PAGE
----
W. Scott Poole quotes Judith Halberstam, who calls the monster a “meaning machine.” This observation seems to suggest that the monster is always overdetermined – that the monstrous body in a particular work can mean a variety of things in any given time and place. Poole agrees with Halberstam when he argues: “The subject of monsters contains too much meaning” and goes on to observe that “the very messiness of the monster makes it a perfect entry into understanding the messiness of American history” (xv). In Monster Theory, Jeffrey Jerome Cohen lays out the seven theses of the monster, and his first theses is that “the monster body is a cultural body” (4). Cohen also believes that we can read the monster, but the monster’s meaning always has a basis in the culture that surrounds it. While Poole asserts that monsters are indisputably real—created by material circumstances and producing material consequences – Calafell, who bases her readings heavily on Poole and Cohen, find the monster a useful metaphor for describing problematic identity relations in the United States; she seems to embrace both a metaphorical reading of the monster and the contention that monsters can be very real, at times.Continue reading “Navigating Norman: The Serial Killer Monster as Meaning Machine”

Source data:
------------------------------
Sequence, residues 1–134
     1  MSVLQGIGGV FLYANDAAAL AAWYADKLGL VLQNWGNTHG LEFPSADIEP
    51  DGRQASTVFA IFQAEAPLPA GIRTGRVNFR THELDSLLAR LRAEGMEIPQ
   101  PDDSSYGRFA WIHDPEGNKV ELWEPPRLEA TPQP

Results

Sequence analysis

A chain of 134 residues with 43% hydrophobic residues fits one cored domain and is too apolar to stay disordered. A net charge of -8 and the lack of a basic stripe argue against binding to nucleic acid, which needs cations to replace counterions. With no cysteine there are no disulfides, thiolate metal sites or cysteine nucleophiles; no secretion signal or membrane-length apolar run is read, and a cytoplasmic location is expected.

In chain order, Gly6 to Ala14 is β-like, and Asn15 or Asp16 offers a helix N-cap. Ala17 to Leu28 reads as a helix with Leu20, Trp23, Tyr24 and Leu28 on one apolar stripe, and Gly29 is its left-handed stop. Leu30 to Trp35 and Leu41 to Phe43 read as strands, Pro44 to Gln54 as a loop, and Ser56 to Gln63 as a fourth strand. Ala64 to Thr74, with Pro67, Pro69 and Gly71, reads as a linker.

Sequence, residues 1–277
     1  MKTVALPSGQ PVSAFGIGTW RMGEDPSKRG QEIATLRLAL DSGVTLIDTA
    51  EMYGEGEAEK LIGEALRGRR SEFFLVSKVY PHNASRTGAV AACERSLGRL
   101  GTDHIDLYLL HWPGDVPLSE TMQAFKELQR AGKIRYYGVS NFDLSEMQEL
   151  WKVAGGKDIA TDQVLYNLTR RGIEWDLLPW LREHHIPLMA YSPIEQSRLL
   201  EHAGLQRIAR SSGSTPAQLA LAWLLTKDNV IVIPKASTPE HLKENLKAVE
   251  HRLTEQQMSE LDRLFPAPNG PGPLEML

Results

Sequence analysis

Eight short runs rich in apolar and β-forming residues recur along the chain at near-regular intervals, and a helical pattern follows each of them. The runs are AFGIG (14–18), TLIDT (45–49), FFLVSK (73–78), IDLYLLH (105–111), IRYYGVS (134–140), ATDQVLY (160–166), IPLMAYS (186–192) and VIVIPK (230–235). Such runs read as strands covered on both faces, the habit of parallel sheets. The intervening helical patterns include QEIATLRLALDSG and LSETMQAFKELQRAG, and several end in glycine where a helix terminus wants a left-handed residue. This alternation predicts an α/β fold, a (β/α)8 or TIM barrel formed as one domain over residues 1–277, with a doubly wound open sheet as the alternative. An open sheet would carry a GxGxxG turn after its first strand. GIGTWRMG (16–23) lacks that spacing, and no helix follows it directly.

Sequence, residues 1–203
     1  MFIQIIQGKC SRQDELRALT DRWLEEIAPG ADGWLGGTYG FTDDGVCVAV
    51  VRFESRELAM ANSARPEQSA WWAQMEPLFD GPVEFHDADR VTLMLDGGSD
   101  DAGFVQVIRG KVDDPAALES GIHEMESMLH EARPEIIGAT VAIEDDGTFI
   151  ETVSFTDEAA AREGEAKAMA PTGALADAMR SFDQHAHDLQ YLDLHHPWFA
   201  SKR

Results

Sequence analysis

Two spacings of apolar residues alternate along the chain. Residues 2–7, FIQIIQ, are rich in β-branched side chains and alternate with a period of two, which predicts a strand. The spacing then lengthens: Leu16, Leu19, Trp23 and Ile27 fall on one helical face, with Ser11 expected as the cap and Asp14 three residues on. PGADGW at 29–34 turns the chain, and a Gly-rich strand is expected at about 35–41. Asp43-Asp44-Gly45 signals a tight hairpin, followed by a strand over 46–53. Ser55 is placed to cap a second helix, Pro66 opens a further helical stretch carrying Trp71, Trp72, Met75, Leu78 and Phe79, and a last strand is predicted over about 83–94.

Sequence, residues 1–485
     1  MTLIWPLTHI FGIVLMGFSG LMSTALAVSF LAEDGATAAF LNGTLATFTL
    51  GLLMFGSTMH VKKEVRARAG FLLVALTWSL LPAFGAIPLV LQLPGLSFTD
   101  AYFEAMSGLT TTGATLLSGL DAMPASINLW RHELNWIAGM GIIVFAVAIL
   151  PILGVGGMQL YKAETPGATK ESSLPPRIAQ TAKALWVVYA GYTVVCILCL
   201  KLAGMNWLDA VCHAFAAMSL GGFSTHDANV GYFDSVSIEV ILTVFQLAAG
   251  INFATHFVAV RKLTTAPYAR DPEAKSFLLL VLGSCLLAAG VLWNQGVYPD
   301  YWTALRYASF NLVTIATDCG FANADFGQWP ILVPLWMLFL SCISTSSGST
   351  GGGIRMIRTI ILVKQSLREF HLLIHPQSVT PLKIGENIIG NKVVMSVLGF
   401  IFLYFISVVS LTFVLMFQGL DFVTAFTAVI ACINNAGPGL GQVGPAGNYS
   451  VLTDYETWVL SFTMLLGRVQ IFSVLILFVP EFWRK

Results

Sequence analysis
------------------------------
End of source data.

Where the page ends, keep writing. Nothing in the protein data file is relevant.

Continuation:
Anthony Perkins is Norman Bates. Point blank. There are no two ways about it. Except, of course, when he isn’t Norman Bates. And what an unusual experience it is to envision someone else fulfilling the role, especially since it’s been years since I’ve seen the Gus Van Sant remake. The beauty of the comprehensive exam is that I can select the books I put on my lists (based on a unifying theme), and I was really excited to add Robert Bloch’s Psycho. Of course, I’ve seen the original movie many-a times, but I’ve never read the text, and like any horror fan, I was immediately interested in how the novel would compare with the film. I decided, then, to do what I did with The Shining. In “Let’s Not Overlook Anything” I blogged about the Shining in small increments and spent a considerable amount of blog space discussing one or two scenes. I decided I would do the same with the text Psycho – blog a little bit about each section as I read it. So this is my “insanely long series,” my observations about Bloch’s Psycho. And my first observation is that Bloch’s Norman Bates is fascinating.Continue reading “An Insanely Long Series: Reading Psycho Bit by Bit”